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Two fencers cross swords during a bout

Two fencers cross swords during a bout

Two fencers cross swords during a bout

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Warm sunlight streams into the courtyard, the four walls of the ancient fort rising high above the large crowd of silent spectators. The only sound is the sharp clang of metal blades echoing off the surrounding brick walls.

The afternoon light illuminates two people wielding shiny silver swords, large bell guards glinting. Both swordsmen breathe heavily, their blade tips fixated toward each other as dirt, kicked up by their darting footwork, swirls through the air.

Suddenly, one swordsman lunges forward, thrusting the blade tip toward their opponent. With a flick of their wrist, the opponent whips their own blade up to meet the other, pushing aside the oncoming attack, smoothly leaning into a lunge, plunging forward with fluid grace, the tip of their blade rushing forward.

In the Olympics, the tip of a fencing sword is the second fastest object after the bullet. In the sport of fencing, even a split second of hesitation determines the ultimate outcome of a bout.

Toward the end of May, my fencing coach, who is known as Digger for his years of pirating a video game of that name throughout his college career, and I pack our fencing bags and head down to Fort Ticonderoga in New York, along the south end of Lake Champlain.

Our tradition stretches all the way back to spring of 2013, a year after I started fencing when I was 16 years old. Now, almost seven years later, taking the nearly two-hour road trip to the historical site is still a yearly tradition of ours.

Over the years, road tripping to fencing tournaments has been a huge part of our bonding experience as teacher and mentor, as well as friends, and we always bring along plenty of good music, snacks and conversations to get the full road trip experience.

The tournament is also a great way to catch up with all of our friends and fellow fencers within the Vermont Fencing Alliance and connect with new fencers. It is a celebration to bring the fencing season to a close, and the tournament draws in fencers and fencing clubs from all over New England and beyond.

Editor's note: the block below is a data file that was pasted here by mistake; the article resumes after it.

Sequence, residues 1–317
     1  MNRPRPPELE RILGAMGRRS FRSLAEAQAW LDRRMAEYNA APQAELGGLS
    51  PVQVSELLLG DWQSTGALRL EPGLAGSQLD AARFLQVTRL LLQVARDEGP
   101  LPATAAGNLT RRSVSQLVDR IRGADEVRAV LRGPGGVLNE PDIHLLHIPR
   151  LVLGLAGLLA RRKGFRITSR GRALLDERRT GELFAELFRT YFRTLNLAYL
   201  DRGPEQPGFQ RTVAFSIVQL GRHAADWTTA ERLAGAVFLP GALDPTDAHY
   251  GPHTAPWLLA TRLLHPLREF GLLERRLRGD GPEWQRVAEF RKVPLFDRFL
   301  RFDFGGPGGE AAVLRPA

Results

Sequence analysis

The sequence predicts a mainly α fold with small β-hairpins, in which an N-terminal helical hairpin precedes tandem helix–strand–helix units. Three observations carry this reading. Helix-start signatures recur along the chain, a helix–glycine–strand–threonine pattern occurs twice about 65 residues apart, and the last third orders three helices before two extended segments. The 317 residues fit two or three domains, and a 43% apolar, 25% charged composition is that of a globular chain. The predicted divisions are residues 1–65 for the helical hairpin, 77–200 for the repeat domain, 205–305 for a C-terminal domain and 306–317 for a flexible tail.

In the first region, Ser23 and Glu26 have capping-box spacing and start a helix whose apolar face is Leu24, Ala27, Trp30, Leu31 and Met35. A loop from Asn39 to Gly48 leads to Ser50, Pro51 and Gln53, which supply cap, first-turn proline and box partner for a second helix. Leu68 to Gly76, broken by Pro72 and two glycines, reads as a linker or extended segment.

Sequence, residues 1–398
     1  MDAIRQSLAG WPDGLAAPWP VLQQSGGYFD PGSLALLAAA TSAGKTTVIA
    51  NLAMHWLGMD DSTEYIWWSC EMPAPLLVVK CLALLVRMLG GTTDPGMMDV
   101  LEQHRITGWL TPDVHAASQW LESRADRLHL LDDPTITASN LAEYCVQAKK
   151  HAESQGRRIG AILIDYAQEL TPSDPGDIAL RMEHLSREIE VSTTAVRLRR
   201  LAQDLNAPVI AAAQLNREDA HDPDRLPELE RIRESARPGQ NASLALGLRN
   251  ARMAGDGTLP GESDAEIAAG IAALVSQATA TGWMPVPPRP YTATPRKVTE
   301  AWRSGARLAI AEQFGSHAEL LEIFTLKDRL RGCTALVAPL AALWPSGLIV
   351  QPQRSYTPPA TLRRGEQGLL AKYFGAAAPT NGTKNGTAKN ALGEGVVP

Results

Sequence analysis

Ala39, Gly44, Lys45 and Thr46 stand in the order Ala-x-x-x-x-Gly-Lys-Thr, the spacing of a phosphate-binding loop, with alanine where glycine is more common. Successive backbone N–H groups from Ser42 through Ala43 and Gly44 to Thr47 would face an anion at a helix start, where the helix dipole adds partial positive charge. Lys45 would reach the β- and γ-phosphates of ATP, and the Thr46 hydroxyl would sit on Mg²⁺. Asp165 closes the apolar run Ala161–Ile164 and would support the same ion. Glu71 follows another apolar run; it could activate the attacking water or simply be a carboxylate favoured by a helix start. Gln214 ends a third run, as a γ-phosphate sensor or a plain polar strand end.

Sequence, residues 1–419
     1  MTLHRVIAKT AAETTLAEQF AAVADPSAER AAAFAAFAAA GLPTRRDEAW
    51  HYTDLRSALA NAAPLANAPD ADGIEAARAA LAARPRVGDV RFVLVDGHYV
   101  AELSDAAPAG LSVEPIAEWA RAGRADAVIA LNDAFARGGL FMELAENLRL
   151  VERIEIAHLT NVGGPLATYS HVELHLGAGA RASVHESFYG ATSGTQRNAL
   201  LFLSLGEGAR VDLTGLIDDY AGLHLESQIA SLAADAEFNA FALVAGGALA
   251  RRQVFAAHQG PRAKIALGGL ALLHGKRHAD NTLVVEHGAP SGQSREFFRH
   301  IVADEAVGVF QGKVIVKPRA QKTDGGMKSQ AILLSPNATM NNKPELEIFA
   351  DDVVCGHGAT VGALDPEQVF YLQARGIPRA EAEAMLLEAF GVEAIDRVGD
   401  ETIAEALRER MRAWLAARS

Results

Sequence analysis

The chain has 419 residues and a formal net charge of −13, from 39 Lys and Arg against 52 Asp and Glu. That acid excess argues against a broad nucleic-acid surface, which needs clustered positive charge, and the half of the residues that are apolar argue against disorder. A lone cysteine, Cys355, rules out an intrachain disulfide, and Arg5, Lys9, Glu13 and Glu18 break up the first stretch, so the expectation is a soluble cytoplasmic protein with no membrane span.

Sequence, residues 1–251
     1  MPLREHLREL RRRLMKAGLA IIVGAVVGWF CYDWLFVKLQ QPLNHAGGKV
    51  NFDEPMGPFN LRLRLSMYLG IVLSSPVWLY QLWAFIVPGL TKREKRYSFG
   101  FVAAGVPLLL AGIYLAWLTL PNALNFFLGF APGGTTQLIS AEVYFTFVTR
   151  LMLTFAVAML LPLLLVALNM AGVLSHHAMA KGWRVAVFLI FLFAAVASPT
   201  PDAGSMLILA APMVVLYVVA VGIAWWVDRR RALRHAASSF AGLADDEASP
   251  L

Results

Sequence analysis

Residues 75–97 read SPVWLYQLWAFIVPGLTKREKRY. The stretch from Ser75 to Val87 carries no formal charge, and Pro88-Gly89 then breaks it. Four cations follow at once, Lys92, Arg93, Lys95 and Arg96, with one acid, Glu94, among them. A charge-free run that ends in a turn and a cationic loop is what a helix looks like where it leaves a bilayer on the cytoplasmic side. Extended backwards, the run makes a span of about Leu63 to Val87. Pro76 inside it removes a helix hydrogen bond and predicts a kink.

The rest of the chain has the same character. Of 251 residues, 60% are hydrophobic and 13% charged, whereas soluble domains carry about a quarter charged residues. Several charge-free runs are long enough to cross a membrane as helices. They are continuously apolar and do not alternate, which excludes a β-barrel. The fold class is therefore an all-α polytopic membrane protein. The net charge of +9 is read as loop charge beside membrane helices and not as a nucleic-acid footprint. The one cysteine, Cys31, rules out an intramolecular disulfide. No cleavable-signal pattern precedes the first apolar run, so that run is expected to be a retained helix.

This is a great opportunity for both of us to challenge ourselves by competing with unfamiliar fencers, adapting and strengthening our fencing skills to new styles and techniques. The tournament hosts a youth event, a women’s event and an open event, which anyone is welcome to compete in.

Fencing is a sport and art form that stretches back centuries, its origins rooted in the civilian rapier sword found throughout Spain in the late 1400s. Since the beginning of modern fencing in the 1800s, the sport has played a number of roles within society, including in military training, as an extracurricular activity at boarding schools and universities, and as an Olympic sport.

Today, it is practiced by millions throughout the world within clubs and teams. Strength, precision, dexterity, balance, and analytical and problem-solving skills are all necessary components to making a skilled fencer.

The event starts out on the grassy lawn next to the shoreline of the lake and directly next to the King’s Garden, a beautiful flower garden enclosed by red brick walls in the small valley below the fort.

Dozens of fencers clad in white jackets, white trousers and mesh helmets face off on a dozen different strips across the lawn, worn down to dirt strips by footwork. Some spectators and fencers resting between bouts lounge on lawn blankets, enjoying the warm spring weather. My fencing coach and I always make sure to bring along a large picnic to enjoy between the exhaustive bouts. If everyone were not brandishing large and intimidating swords, the scene would be reminiscent of a garden party from the Victorian era, everyone dressed in their best ivory-white suits and dresses.

An old white colonial-style house sits next to the garden, shaded by large oak trees, their bright green leaves shuddering gently in the spring breeze. A tent is set up alongside the house, featuring a table covered in a variety of fencing gear, an assortment of colorful ribbons and an intricately designed sheathed rapier sword, the coveted prize for the first-place winner of the tournament that is passed on each year.